• A former mortgage loan officer with Bank of America Corp. is being sued by the Massachusetts attorney general's office for allegedly demanding illegal fees from homeowners who sought help to avoid foreclosure.

  • Attorney General Martha Coakley said [] her office has sued Christian Hayes of Danvers in Suffolk Superior Court for allegedly "targeting and preying upon Massachusetts residents" who were seeking loan modifications from Bank of America. Instead, the state says, Hayes "deceptively funneled" homeowners' requests to his company, Foreclosure Alternatives, and demanded as much as $1,500 in up-front fees without offering legitimate help. It is illegal in Massachusetts to require up-front fees from homeowners seeking help to stave off foreclosure.

For more, see State alleges ex-loan officer 'preyed' on owners.

See also, The Salem News: Danvers man is sued by AG over alleged mortgage con (Hayes falsely held himself out to be a lawyer, according to the attorney general, and he allegedly told one homeowner that his connection with Bank of America gave him "exclusive access" to the bank's loan modification process for homeowners).

Tuesday, April 20, 2010

California Man Cops Plea For Role In Bid-Rigging At Foreclosure Sales

In Sacramento, California, The Stockton Record reports:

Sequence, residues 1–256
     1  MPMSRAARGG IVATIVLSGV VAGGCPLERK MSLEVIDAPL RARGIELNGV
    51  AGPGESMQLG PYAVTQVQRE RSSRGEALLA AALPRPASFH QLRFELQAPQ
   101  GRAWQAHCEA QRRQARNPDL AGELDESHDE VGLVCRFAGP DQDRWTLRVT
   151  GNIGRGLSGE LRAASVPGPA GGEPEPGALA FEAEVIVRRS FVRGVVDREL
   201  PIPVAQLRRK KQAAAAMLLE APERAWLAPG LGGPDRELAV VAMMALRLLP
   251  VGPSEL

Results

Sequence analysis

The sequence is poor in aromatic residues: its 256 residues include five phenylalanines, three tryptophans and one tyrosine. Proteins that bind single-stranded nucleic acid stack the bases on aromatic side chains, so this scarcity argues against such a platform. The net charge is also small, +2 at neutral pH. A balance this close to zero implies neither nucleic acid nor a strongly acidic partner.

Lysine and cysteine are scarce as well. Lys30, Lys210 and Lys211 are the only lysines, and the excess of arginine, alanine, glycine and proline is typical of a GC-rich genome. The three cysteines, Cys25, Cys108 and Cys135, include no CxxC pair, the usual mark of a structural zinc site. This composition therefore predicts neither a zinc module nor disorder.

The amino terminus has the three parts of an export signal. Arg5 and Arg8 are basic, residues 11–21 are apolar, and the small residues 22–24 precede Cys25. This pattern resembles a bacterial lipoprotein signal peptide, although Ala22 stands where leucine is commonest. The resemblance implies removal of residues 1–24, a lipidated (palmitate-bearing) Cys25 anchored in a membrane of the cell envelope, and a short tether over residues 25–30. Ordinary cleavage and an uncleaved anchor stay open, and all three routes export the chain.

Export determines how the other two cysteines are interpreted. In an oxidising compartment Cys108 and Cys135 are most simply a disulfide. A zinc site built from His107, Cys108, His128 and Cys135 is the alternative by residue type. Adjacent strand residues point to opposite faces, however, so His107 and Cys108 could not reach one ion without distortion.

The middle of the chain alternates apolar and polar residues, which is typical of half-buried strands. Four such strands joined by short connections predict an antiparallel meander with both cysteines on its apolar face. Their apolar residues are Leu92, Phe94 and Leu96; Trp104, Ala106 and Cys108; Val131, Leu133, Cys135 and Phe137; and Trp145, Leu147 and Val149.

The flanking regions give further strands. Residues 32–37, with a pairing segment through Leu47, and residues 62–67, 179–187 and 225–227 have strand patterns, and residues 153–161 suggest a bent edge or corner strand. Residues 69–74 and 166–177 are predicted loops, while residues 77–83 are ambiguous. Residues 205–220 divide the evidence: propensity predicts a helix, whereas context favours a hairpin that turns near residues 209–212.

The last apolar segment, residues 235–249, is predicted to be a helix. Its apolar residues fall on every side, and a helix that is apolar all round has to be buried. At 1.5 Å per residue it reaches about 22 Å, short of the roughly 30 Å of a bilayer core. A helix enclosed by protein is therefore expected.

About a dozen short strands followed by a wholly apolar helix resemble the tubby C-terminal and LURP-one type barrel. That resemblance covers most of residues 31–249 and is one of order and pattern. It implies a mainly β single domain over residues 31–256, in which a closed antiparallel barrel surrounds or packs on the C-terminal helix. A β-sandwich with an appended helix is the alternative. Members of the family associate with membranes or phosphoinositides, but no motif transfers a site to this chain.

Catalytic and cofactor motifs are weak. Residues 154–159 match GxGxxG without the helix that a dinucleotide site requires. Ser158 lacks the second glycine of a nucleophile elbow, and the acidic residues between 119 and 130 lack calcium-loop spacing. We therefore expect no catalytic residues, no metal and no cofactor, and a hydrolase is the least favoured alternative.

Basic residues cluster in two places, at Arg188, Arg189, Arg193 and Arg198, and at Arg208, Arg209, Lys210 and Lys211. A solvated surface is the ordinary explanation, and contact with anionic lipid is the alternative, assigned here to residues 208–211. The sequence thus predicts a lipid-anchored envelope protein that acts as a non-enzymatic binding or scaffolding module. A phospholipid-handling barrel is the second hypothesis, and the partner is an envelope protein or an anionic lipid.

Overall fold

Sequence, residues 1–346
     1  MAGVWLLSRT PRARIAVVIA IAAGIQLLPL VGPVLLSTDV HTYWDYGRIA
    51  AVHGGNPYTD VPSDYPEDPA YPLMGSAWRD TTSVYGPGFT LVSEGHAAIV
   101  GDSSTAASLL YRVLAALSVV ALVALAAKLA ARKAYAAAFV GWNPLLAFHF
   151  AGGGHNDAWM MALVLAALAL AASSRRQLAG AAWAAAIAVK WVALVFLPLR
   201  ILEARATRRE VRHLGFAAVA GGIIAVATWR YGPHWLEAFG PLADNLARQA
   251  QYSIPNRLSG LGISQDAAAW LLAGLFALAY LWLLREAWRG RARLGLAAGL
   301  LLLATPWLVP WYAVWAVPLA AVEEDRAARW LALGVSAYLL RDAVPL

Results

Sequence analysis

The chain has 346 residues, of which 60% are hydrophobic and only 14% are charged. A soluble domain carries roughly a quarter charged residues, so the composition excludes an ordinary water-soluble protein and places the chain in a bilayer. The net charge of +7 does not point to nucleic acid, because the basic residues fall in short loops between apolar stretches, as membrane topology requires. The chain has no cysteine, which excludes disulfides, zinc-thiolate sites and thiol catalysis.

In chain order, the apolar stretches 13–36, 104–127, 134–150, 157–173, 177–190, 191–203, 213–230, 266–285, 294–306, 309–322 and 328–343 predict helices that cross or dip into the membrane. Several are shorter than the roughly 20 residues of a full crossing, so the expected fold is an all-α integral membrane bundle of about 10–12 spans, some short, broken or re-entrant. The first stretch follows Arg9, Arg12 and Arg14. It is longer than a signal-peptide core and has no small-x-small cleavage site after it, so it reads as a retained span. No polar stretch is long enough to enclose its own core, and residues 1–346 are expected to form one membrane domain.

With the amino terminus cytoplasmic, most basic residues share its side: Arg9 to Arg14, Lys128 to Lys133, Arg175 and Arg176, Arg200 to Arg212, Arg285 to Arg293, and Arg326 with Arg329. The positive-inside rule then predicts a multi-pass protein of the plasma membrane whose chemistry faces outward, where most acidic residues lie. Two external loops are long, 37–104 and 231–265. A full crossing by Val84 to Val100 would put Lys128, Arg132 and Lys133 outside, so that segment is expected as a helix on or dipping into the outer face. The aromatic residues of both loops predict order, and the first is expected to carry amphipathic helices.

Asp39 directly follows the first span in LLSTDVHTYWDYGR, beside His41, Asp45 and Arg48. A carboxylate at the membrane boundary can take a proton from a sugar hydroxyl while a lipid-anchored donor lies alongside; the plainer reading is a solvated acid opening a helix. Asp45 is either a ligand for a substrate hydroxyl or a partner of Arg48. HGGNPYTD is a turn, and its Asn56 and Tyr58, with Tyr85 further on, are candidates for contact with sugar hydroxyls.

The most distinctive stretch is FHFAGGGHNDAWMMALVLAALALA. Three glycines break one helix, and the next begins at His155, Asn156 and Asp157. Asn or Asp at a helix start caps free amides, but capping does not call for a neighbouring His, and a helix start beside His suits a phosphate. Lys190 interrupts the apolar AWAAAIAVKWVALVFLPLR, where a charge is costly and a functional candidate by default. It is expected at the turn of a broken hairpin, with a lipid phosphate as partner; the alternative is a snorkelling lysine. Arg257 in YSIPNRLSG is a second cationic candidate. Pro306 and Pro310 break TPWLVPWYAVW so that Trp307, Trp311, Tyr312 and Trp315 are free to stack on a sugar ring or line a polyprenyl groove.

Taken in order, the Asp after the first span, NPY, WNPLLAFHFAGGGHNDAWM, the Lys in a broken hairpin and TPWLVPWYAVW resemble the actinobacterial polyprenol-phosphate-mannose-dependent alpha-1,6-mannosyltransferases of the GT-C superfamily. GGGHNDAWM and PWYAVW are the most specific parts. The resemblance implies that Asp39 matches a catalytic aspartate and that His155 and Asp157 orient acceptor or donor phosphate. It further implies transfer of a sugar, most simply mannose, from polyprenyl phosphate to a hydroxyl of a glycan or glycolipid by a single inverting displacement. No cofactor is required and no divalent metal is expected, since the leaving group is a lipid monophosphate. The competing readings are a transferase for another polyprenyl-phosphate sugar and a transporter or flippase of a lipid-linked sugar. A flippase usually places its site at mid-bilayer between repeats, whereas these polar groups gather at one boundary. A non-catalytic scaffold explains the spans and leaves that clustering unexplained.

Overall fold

• A 43-year-old Stockton man pleaded guilty Friday to rigging bids at public real estate auctions in San Joaquin County over a six-month period in 2009. Anthony B. Ghio, 43, admitted in U.S. District Court that he conspired with a group of real estate speculators who agreed not to bid against each other at selected foreclosure auctions as a way to suppress competition, thus keeping prices artificially low.(1)

  • According to court documents:

    (1) After the conspirators' designated bidder bought a property at a public auction, there would be a second, private auction.

    (2) Each participant would then submit higher bids at the private auction.

    (3) The conspirator who bid the highest amount in the second auction won the property. The difference between the noncompetitive price at the public auction and the winning bid in the second auction was the group's illicit profit - and that amount was divided among them.

For the story, see Stocktonian admits to bid-rigging land scheme (Man faces 10 years in prison, $1 million fine).

For the U.S. Attorney (Sacramento, California) press release, see California Real Estate Executive Pleads Guilty to Bid Rigging.

Go here for other posts on foreclosure sale bid-rigging.

(1) Ghio is charged with bid rigging, a violation of the Sherman Act, which carries a maximum penalty of 10 years in prison and a $1 million fine.

C. Florida Judge Reverses Earlier Grant Of Summary Judgment In Favor Of Foreclosing Lender; Questions Veracity Of Court Filings By Foreclosure Mills

In St. Petersburg, Florida, foreclosure defense attorney Matthew Weidner writes: